NATIONAL BUREAU OF ECONOMIC RESEARCH
NATIONAL BUREAU OF ECONOMIC RESEARCH

A Dynamic Explanation of the Willingness to Pay and Willingness to Accept Disparity

Catherine L. Kling, John A. List, Jinhua Zhao

NBER Working Paper No. 16483
Issued in October 2010
NBER Program(s):   EEE   PE

Evidence from laboratory experiments suggests that important disparities exist between willingness to pay (WTP) and compensation demanded for the same good. This study advances, and experimentally tests, a new explanation of the WTP/WTA disparity—a dynamic theory based on the presence of commitment costs. We find that the commitment cost theory combined with a simple behavioral anomaly is able to lend insights into the causes and severity of the WTA/WTP disparity. Further, we find that market experience attenuates the behavioral anomaly, consistent with the notion that no value disparity exists for agents with sufficient market experience.

download in pdf format
   (198 K)

email paper

This paper is available as PDF (198 K) or via email.

Machine-readable bibliographic record - MARC, RIS, BibTeX

Document Object Identifier (DOI): 10.3386/w16483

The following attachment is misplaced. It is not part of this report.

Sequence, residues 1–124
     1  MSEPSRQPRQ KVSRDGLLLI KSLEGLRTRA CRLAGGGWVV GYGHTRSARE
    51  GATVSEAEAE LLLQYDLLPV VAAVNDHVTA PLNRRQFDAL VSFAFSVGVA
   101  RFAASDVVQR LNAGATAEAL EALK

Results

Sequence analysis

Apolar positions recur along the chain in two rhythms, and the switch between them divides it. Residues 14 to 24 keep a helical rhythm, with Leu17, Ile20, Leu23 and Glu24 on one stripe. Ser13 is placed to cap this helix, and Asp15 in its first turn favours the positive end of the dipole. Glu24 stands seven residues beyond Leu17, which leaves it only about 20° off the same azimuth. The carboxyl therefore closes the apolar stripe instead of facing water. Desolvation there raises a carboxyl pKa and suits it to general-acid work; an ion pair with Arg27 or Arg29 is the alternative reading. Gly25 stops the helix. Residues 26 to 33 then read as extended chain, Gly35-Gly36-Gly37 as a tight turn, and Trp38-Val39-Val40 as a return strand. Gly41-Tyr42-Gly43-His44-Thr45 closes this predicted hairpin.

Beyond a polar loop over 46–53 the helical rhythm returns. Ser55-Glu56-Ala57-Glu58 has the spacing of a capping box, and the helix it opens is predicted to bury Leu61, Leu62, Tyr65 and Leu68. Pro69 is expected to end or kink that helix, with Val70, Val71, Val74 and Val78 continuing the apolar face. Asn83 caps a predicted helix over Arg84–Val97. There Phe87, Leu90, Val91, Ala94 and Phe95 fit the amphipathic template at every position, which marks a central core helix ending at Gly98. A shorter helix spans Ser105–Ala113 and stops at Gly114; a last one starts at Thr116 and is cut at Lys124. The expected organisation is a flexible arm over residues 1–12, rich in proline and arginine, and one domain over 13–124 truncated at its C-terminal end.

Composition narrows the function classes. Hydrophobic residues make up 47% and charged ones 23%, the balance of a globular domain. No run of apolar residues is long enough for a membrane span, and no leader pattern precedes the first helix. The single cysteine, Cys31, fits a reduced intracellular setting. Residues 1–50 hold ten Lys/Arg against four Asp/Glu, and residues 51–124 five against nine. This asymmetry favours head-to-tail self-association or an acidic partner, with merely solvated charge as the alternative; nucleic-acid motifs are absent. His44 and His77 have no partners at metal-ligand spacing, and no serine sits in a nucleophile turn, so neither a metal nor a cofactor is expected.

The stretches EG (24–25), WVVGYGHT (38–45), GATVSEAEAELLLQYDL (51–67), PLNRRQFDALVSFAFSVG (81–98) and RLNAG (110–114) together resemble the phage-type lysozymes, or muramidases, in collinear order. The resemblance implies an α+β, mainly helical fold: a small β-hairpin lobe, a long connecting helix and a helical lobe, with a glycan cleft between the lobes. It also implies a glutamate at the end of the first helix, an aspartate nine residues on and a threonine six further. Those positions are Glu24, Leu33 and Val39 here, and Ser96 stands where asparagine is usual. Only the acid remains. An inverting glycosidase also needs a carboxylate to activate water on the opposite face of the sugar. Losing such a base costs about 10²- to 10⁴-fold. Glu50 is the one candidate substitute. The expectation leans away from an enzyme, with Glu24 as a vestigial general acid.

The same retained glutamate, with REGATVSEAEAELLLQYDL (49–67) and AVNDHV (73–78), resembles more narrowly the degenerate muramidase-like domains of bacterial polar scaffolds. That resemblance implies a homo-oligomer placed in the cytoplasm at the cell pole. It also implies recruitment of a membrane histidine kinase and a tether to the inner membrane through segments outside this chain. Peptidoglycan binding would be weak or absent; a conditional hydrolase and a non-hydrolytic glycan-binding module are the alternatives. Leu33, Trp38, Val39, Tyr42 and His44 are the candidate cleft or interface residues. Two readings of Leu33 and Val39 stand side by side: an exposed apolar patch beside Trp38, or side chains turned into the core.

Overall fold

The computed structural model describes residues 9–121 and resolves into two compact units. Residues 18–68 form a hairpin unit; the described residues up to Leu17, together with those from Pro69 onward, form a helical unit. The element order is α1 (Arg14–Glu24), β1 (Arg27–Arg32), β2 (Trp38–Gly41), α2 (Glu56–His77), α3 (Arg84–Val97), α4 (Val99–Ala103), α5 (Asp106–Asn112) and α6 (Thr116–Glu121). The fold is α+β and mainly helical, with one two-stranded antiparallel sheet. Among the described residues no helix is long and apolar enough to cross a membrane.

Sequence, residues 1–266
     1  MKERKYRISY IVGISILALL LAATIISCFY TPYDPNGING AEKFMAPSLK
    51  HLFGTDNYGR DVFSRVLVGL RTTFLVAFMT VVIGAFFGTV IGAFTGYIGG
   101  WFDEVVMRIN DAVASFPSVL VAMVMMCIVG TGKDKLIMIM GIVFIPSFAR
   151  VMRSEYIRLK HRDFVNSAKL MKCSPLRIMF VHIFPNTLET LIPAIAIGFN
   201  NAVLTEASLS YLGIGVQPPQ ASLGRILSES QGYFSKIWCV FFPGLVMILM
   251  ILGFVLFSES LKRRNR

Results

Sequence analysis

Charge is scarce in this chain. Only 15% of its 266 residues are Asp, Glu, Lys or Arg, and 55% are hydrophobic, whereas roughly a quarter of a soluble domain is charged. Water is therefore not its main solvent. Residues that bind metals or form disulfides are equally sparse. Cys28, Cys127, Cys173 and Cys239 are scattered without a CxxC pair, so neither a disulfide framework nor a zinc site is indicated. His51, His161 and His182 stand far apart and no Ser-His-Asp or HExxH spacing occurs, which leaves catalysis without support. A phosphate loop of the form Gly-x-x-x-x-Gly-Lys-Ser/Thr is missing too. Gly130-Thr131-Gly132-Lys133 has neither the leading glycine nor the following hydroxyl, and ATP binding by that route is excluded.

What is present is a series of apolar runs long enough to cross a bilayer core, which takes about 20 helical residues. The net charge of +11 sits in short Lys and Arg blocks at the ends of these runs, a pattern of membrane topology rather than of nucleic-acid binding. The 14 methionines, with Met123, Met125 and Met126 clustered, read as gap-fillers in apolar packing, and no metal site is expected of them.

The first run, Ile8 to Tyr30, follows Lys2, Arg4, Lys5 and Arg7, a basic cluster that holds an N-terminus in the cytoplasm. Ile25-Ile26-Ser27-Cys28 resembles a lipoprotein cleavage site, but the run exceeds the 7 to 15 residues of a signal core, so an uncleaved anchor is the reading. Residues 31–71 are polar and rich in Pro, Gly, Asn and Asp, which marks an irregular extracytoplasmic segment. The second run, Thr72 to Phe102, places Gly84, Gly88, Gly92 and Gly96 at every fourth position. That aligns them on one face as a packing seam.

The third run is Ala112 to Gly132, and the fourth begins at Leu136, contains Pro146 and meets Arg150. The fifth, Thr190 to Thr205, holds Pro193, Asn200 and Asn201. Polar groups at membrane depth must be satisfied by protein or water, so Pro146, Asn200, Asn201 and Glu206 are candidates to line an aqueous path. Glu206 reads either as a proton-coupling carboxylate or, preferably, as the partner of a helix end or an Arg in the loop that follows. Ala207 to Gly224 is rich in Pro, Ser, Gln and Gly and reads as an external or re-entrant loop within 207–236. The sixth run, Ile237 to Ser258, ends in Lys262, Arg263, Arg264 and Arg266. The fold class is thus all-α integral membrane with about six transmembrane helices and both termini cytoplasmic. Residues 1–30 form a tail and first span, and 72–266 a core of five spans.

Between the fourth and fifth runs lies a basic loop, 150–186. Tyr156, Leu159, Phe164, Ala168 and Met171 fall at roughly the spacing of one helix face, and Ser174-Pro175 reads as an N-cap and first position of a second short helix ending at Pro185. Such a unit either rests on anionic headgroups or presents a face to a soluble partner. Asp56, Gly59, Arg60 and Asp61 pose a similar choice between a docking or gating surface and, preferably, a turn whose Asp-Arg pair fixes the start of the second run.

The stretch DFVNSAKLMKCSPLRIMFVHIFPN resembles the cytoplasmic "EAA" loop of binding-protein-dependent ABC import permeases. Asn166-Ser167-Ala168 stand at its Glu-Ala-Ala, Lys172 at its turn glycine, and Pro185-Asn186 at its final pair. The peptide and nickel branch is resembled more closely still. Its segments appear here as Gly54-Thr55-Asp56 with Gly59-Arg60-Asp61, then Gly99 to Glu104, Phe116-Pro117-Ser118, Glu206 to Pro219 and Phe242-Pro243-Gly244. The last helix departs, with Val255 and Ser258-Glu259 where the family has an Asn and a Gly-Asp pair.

Published: Catherine L. Kling & John A. List & Jinhua Zhao, 2013. "A Dynamic Explanation Of The Willingness To Pay And Willingness To Accept Disparity," Economic Inquiry, Western Economic Association International, vol. 51(1), pages 909-921, 01. citation courtesy of

Users who downloaded this paper also downloaded these:
List w16908 Does Market Experience Eliminate Market Anomalies? The Case of Exogenous Market Experience
Alevy, List, and adamowicz w16036 How Can Behavioral Economics Inform Non-Market Valuation? An Example from the Preference Reversal Literature
Bachmann, Berg, and Sims w17958 Inflation Expectations and Readiness to Spend: Cross-Sectional Evidence
Cawley w12510 Contingent Valuation Analysis of Willingness to Pay To Reduce Childhood Obesity
Benjamin, Heffetz, Kimball, and Rees-Jones w16489 Do People Seek to Maximize Happiness? Evidence from New Surveys
 
Publications
Activities
Meetings
NBER Videos
Data
People
About

Support
National Bureau of Economic Research, 1050 Massachusetts Ave., Cambridge, MA 02138; 617-868-3900; email: info@nber.org

Contact Us